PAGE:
In The Middle with Kornél Kovács

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Ahead of his set at Headrow House on Friday 22nd March, we caught up with left-field house producer and DJ Kornél Kovács to chat all about his upcoming album and the prospect of taking up dance classes…

You released your sensational EP ‘Metropolis’ in 2018; in one sentence could you sum up how the year was for you?

Thank you for calling my EP sensational – as for the year 2018, I’d rather not talk about it. In one sentence: Time to move on already!

So, coming from Stockholm and having Hungarian parents, what got you into music? Have you got a particular musical childhood?

Yeah, I would say so – I grew up with my Mum and she would play everything from Kraftwerk and Velvet Underground to jazz and old Hungarian folk stuff in the house. I played the piano and the drums and was part of a children’s opera troupe for years, eventually scoring the lead role in Benjamin Britten’s The Little Sweep. I also went to special music schools for elementary and high school. So yeah, musical childhood for sure!

2019 has just started, have you got any new tracks being released soon?

Yes, an album. Eight new tracks. Released in April.

You were once known as “Stockholm’s youngest former jungle DJ” at the age of 14. What influenced you to pick up your headphones again after your early retirement?

My first go at djing was before I could actually get into clubs myself. I didn’t really have many friends so I kind of lived in this dream world of music and raves, all experienced through the comfort of my own room. It was a pretty normal childhood – but with a stack of British music magazines on my nightstand instead of like comics or that sort of thing. I’d memorise Metalheadz catalogue numbers instead of football scores or whatever. Anyway, around the age of 14 I started getting more friends and stuff and my childhood obsession kind of faded away for a bit, but a few years later I was able to sneak into clubs using fake IDs and then the whole djing thing was suddenly connected to my actual life again, which made it a lot more exciting of course.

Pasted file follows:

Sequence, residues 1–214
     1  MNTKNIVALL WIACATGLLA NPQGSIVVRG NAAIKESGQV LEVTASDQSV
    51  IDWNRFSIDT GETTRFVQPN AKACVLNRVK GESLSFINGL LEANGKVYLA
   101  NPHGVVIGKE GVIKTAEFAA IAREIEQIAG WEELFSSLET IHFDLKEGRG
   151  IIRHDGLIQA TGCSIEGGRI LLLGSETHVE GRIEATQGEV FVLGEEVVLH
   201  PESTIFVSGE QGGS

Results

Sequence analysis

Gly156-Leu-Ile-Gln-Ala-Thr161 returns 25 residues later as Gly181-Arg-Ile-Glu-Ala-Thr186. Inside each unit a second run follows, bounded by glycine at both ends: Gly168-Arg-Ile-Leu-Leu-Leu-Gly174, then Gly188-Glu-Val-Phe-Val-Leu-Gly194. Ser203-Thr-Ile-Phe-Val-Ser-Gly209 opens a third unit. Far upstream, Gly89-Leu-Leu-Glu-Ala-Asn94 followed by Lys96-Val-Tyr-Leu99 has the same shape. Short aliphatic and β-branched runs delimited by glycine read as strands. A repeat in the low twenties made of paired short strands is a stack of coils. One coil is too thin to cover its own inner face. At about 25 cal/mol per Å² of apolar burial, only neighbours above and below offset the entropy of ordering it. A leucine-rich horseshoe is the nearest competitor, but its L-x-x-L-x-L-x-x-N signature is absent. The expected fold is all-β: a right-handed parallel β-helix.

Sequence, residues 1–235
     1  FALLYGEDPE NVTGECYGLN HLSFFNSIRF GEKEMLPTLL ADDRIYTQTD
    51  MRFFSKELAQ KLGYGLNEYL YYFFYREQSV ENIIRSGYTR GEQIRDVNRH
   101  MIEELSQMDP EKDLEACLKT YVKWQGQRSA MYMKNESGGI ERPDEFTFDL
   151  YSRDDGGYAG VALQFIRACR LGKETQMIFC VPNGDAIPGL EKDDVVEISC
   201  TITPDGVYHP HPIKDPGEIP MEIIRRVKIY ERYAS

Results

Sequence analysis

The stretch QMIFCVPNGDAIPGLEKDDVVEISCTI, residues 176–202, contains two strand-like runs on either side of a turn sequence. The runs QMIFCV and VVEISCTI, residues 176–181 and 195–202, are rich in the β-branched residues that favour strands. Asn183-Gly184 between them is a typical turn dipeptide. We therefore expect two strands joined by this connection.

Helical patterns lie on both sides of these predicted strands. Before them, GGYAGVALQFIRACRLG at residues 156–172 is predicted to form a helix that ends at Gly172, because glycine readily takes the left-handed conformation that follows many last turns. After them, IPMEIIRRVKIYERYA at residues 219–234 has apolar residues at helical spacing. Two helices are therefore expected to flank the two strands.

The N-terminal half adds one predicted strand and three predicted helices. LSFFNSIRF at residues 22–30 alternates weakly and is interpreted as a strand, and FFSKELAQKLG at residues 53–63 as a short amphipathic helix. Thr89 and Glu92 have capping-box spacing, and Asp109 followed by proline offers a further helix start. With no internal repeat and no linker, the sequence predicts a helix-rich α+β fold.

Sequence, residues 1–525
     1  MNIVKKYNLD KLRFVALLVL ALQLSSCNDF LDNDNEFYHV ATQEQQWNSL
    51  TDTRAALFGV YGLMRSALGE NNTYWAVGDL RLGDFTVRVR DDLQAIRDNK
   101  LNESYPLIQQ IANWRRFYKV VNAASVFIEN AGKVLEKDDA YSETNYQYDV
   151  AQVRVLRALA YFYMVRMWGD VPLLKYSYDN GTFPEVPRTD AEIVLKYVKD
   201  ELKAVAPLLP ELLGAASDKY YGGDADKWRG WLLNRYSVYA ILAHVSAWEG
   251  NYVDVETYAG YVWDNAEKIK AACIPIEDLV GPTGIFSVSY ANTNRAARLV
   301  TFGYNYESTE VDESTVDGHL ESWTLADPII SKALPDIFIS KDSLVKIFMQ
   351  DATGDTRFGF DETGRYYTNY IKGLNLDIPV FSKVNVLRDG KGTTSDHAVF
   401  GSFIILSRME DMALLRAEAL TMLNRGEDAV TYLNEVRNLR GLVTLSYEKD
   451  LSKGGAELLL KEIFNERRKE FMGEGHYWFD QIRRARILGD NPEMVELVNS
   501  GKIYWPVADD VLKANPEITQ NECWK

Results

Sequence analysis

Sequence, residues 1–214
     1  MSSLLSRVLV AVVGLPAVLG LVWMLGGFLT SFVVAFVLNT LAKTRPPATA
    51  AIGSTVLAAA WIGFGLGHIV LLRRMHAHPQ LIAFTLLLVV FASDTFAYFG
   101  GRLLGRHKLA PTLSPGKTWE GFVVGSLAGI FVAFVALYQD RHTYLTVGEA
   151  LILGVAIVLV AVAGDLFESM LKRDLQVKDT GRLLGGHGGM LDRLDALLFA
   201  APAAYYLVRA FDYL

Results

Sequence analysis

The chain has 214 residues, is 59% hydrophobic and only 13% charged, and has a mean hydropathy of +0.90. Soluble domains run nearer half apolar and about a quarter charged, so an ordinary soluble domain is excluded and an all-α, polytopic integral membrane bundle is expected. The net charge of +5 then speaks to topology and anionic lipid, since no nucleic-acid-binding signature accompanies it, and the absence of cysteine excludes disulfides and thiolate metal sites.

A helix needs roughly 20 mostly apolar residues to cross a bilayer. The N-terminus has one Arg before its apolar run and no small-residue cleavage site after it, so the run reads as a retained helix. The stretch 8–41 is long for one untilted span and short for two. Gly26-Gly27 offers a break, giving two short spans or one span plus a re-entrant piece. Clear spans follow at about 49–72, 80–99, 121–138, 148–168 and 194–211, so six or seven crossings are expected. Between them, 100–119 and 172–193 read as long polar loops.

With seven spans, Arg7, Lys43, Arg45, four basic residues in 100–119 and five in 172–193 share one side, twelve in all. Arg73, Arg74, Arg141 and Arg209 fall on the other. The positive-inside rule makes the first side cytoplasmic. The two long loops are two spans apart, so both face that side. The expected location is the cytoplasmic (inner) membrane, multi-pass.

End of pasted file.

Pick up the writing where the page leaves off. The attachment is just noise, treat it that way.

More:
What inspired you set up the Studio Barnhus? Do you have any future plans for the label?

In 2009, myself, Axel Boman and Pedrodollar contracted a medium-sized market analysis firm here in Stockholm to assess the possibility of successfully launching a new Swedish dance label. Their findings concurred with our hypothesis of there being unexploited market shares in this business and we quickly acted to fill the gap. In the future we plan to further develop our business, satisfying shareholders and customers alike.

You’ve played at a few festivals, including Lost Village; you fit perfectly with the summery house vibe. Do you prefer festivals or smaller sets like our venue Headrow House here in Leeds?

Honestly, I love doing both. I’m happy when I get to play music for people, doesn’t really matter too much if it’s 20 or 2000 of them. As experiences, both can be equally fun, relaxed, hard, nerve-racking, cathartic, repetitive – the size of the crowd or stage or whatever is probably not even in the top 10 list of things that affect what a gig feels like. 

How have you seen this music industry change and evolve over the years?

Wow, big question. Looking at these past 10 years – if we’re talking industry, not art, things have actually changed less than I’d expected them to 10 years ago? Streaming was the next big thing back then and, well, it still is, I guess? Vinyl is still around as a niche thing. Maybe the death of the download has been the biggest change in terms of the “music industry.” Mp3s are so retro now!

Your album ‘The Bells’ was recorded with the assistance from Matt Karmil in 2016. How do you choose who to remix or produce with?

I believe in working with the people closest to you, be it in geographic or spiritual terms. There should be a connection beyond the music.

Have you got any other plans for 2019?

Apart from releasing my album and touring the world, I’d love to become an even better dancer this year. Might start taking some classes.

I wish you all the success with that. So finally, what is your ultimate goal? Where do you want to be in 5 years?

I’d like to have a full set of gold teeth in my pie-hole and at least one more album under my belt. Would be good to marry a wife and make some children. I don’t know, just normal human stuff please!!

Caris Dollard

(Main image: BBC)